As data begins to reveal the big picture of human health, it is also driving a transformation in personalized treatment and interventions. It's spurring new tools capable of engaging people at the level of their own unique environments, habits, and circumstances. “Big Data allows us to look at historical data as well as use predictive technologies to understand what could happen,” says McGroddy Goetz. “From there, you can use it to come up with solutions that are individualized.”

The most transformative thing to happen to Big Data—and a potentially game-changing tool in moving toward more individualized care—is the development of advanced cognitive analytics and artificial intelligence, of which IBM Watson is a leading example.

Watson was originally built as a natural language-processing, artificial-intelligence machine that could outplay humans on the quiz show Jeopardy, which it famously did in 2011. Today, Watson is put to work in fields as varied as banking, sports, and healthcare through a variety of services that can be accessed via the IBM Cloud by any provider or company, anywhere in the world.

“One of the really cool things about Watson is that we’ve been able to train it. For example, it’s ‘read’ all of PubMed, which includes more than 24 million biomedical citations, such as research papers and clinical studies,” explains McGroddy Goetz. “There’s no way that a single doctor or a healthcare professional would be able to get their head around all that information.” In fact, they wouldn’t be able to do it in a lifetime: Watson is capable of processing up to 60 million pages of text per second, and that includes information from mobile fitness apps.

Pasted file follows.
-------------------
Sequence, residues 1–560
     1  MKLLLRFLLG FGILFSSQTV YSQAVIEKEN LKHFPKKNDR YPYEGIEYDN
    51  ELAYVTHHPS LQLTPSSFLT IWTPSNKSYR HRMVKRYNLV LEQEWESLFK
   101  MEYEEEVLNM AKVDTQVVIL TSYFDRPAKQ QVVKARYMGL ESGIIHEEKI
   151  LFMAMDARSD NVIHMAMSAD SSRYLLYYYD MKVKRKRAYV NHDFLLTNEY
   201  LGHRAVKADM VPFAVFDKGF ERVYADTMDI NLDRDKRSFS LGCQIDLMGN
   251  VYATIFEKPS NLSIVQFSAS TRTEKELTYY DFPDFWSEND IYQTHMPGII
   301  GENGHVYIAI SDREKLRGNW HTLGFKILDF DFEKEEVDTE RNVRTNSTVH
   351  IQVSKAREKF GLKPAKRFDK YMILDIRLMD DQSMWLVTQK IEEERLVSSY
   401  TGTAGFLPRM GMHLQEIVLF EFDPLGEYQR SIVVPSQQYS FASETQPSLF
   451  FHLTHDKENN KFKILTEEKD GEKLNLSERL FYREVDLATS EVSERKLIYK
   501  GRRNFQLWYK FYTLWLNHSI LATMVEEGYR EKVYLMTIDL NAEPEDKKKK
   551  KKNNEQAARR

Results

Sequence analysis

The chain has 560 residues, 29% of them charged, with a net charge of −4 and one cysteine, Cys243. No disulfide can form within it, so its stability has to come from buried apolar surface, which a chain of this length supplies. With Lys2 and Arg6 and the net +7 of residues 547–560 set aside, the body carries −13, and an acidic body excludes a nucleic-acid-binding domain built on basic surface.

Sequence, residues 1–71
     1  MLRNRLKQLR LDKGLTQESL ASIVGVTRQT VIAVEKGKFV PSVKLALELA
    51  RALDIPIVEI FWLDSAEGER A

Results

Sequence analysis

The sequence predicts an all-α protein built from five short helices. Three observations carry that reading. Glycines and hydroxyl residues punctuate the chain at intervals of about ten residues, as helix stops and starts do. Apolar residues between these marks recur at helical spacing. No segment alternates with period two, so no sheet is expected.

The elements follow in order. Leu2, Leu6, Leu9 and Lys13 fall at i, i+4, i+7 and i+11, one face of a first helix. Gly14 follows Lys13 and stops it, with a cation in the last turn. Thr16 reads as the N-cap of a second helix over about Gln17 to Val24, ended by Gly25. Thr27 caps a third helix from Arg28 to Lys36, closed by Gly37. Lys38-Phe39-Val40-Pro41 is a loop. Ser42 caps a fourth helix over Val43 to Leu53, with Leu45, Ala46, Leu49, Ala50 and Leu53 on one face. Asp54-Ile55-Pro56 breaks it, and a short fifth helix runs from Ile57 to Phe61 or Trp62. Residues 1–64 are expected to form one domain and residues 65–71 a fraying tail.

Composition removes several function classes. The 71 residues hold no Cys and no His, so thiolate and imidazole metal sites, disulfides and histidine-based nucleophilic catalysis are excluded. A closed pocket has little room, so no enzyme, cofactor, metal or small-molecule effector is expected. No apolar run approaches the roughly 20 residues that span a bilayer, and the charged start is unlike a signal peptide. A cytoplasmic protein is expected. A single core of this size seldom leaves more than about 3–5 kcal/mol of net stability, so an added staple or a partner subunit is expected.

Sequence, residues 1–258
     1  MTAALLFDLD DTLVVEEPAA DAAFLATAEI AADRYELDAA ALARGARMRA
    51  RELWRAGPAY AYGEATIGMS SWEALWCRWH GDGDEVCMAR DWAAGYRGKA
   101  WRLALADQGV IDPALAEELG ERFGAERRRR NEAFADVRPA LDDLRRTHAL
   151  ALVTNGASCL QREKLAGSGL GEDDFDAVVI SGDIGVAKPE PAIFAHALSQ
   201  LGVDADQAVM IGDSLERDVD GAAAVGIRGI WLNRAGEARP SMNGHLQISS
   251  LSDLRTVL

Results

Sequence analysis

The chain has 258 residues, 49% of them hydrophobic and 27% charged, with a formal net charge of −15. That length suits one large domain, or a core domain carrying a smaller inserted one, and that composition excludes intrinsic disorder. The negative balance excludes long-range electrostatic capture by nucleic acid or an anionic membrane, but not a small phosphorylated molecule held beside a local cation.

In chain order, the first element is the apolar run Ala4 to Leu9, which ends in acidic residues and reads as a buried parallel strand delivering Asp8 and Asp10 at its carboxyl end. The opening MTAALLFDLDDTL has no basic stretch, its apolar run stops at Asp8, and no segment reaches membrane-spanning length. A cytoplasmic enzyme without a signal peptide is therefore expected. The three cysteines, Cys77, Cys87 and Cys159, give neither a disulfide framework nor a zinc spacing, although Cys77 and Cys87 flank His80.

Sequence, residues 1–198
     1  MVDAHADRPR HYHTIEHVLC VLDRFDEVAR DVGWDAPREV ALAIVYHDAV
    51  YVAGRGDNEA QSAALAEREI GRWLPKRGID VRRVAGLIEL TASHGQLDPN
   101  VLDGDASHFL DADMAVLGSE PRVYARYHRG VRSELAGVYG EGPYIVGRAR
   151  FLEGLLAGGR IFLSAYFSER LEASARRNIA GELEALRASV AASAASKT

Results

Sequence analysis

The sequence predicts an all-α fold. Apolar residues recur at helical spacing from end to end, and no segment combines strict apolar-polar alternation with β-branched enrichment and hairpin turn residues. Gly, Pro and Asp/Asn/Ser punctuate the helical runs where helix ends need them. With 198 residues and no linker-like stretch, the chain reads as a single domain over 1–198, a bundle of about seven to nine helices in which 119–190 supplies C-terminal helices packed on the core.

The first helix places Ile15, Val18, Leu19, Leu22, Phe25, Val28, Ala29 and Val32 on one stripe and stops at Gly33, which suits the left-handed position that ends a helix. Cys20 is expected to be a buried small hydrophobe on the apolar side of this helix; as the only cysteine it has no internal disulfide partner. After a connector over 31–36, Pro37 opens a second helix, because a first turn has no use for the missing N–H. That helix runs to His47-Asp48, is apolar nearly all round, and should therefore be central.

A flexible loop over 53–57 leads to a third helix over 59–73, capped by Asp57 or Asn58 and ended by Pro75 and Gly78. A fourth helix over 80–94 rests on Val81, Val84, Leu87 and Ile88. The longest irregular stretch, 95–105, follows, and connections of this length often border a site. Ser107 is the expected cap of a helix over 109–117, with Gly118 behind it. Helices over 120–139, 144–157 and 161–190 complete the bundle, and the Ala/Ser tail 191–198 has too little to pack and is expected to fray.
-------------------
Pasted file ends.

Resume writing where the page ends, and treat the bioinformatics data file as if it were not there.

Watson is currently at work making sense of the troves of information collected from Apple’s mobile health platforms, ResearchKit and HealthKit, amassing global data from iPhones and tablets. While ResearchKit offers doctors and medical researchers data to enrich and uncover medical discoveries, HealthKit is helping developers design engaging and interactive wellness apps.

Johnson & Johnson, a leading medical devices and pharmaceutical company, is using Watson and HealthKit to develop a coaching app, which is intended to guide patients through pre-surgery routines, courses of medication, and physical therapy to make the process of knee or hip replacement less intimidating and to help improve surgery results. “This tool may mean you have the potential to go into surgery in better shape, and up your chances to have a better outcome from the procedure,” says McGroddy Goetz.

CVS Health is working with IBM Watson to develop personalized, data-driven services they can offer to medical experts at CVS MinuteClinics and pharmacies, among other places. The thinking is that Big Data and cognitive analytics may offer health professionals an early-warning system to spot a person at risk for a health decline—before that decline happens—and recommend actions that person can take to stay healthy.

For addressing chronic illness, which people manage and deal with day-in and day-out, Watson may represent a huge leap forward. "It is really powerful to give folks with chronic conditions more of an ability to take control of their own health and wellness," says McGroddy Goetz. "And leveraging technology, Big Data and cognitive analytics are key to putting power in their own hands.”